CEO Tim Cook said sales from the company’s newly released 5G-enabled iPhones have been “tremendously positive,” though Apple declined to provide fiscal first-quarter guidance, which includes its iPhone 12 sales projections. The lack of guidance helped fuel a sell-off Friday, with Apple shares down over 5%.
Wall Street is looking for Apple earnings to soar to $1.37 per share in the coming quarter, while revenue is expected to rise to $101.3 billion, driven in part by new iPhone 12 sales.
Alphabet (“Google’s” corporate parent) saw revenue climb 14% year-over-year to $46.2 billion, which beat Wall Street’s consensus estimate of $42.8 billion by 7.9%. Earnings of $16.4 per share rose 62% from a year prior and crushed analysts’ expectations for $11.2 per share by 45.3%.
CEO Sundar Pichai said the outstanding results are a “…testament to the deep investments we’ve made in AI and other technologies…” CFO Ruth Porat attributed sales growth to an increase in advertiser spending for the company’s Search and YouTube streams, as well as continued strength in Google Cloud and Play. Total advertising spending at the company jumped 9.8% from a year earlier to $37.1 billion and reversed the company’s first ever reported decline in advertising in July.
Google Search brought in $26.3 billion in the quarter, a 6.5% gain from a year ago, YouTube ad revenue increased 32.4% from a year ago to $5.03 billion, and Cloud revenue soared 44.8% to $3.4 billion.
Shares rocketed over 5% higher Friday on the positive results.
Looking forward, analysts estimate revenue will climb to $52.8 billion in the following quarter, while earnings should come in at $15.5 per share.
How Growth Investors Should Play Long-Term
The bottom line is that despite a pullback Friday for all of the FAANG stocks, with the exception of Alphabet, the tech titans are thriving thanks not only to the services they can provide today, but their adoption of the indispensable technologies of the future, like artificial intelligence and 5G.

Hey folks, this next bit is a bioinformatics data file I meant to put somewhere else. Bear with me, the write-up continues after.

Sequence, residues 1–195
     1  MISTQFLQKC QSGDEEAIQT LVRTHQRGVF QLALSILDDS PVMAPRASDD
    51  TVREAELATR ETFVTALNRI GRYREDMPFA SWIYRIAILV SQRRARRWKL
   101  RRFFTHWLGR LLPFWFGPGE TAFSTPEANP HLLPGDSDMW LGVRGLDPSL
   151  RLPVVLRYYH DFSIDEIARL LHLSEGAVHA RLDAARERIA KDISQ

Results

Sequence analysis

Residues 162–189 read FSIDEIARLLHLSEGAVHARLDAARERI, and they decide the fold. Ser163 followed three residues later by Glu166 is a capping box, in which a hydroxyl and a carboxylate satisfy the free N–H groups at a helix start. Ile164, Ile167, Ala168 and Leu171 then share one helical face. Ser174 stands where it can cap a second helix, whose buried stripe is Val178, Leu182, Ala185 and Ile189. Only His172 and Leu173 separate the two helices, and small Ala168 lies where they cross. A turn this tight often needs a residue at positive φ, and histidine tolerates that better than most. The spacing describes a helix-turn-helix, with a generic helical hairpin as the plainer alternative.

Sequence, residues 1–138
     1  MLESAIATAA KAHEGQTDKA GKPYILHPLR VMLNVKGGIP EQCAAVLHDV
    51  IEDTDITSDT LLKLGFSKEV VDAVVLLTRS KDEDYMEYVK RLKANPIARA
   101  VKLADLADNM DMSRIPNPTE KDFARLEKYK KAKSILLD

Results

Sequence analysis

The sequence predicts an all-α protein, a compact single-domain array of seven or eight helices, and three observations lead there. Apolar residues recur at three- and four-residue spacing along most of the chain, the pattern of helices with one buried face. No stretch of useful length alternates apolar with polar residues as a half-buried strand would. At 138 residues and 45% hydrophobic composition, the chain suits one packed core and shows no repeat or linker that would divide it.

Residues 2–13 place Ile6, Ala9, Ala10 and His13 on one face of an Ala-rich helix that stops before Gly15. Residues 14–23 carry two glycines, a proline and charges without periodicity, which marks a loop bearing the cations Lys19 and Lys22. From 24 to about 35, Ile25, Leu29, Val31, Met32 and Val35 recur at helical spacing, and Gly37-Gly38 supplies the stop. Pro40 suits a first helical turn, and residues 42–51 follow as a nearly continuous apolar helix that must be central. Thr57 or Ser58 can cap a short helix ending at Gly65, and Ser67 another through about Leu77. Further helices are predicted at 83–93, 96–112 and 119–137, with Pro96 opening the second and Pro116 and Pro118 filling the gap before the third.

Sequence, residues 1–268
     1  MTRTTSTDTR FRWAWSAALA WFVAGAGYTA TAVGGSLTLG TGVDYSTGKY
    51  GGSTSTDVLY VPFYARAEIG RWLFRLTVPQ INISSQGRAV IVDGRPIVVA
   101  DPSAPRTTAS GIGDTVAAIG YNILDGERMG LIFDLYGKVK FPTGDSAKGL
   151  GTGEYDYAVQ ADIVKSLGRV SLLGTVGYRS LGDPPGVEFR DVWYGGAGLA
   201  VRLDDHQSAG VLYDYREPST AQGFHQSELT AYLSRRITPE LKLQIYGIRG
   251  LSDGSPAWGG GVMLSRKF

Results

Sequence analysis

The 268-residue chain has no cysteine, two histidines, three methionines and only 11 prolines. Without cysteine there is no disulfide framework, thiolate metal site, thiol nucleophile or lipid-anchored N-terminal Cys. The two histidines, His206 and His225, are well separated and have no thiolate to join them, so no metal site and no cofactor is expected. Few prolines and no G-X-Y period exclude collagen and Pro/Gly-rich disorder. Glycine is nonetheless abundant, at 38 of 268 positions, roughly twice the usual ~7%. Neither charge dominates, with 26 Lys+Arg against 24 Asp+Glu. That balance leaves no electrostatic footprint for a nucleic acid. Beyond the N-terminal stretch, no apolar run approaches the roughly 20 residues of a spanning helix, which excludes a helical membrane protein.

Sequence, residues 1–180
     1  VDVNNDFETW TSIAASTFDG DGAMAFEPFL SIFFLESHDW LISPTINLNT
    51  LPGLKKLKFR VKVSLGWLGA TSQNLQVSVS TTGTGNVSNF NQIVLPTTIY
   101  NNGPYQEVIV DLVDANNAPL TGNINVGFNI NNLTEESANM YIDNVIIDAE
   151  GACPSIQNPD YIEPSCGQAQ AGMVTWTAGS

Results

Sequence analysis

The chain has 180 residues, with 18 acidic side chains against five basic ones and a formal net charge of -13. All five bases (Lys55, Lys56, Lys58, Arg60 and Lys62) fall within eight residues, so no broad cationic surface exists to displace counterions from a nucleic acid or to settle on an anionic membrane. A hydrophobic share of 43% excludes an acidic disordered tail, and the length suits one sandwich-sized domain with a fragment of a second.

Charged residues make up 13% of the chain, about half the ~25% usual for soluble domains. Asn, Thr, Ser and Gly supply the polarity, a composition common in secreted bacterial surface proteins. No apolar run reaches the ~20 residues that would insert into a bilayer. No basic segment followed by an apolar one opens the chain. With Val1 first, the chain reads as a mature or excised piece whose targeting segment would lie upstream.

And while individual tech companies like Apple, Amazon and Netflix have their positives, I would rather invest in a company that all of Big Tech needs, going forward.
A company I’ve nicknamed The A.I. Master Key. Specifically, it’s behind the hardware that makes the “brain” all artificial intelligence (AI) software needs to function, spot patterns, and interpret data.
Netflix, for example, uses AI to recommend movies and TV shows, and Google uses it to make its search engine smarter. Even email spam filters use them these days. It’s a lot more efficient and effective than waiting on a human to perform these tasks.
And this company’s Volta Chip is what makes it all possible.
I’ll tell you the basics you need to know, as well as my buy recommendation, in my special report for Growth Investor, The A.I. Master Key.
The stock is a “Strong Buy” in this volatile market. And, by the way, it also pays a dividend – which is attractive to investors large and small in this ultralow, even negative interest rate environment!
If you sign up, you’ll also get access to my latest research about my number-one cybersecurity play that just released a strong earnings report on Thursday. The stock is sitting pretty in my Growth Investor portfolio right now with a 37% gain since I recommended it in August 2018.
To learn more about this stock, you can sign up here. Once you do, you’ll receive my special report called The One A.I. Company Set to Corner the Booming Cybersecurity Industry – absolutely free.
You’ll also receive my latest research on one of my key 5G recommendations, The King of 5G “Turbo Button” Technology, for free. The company just beat Wall Street’s earnings estimates by 8.6% and sales estimates by 3.4%. The stock is sitting pretty in my Growth Investor portfolio right now with a 25% gain since I recommended it November 2019, and there’s plenty more upside ahead.
Note: The Editor hereby discloses that as of the date of this email, the Editor, directly or indirectly, owns the following securities that are the subject of the commentary, analysis, opinions, advice, or recommendations in, or which are otherwise mentioned in, the essay set forth below:
Facebook (FB), Alphabet, Inc. (GOOGL), Amazon (AMZN)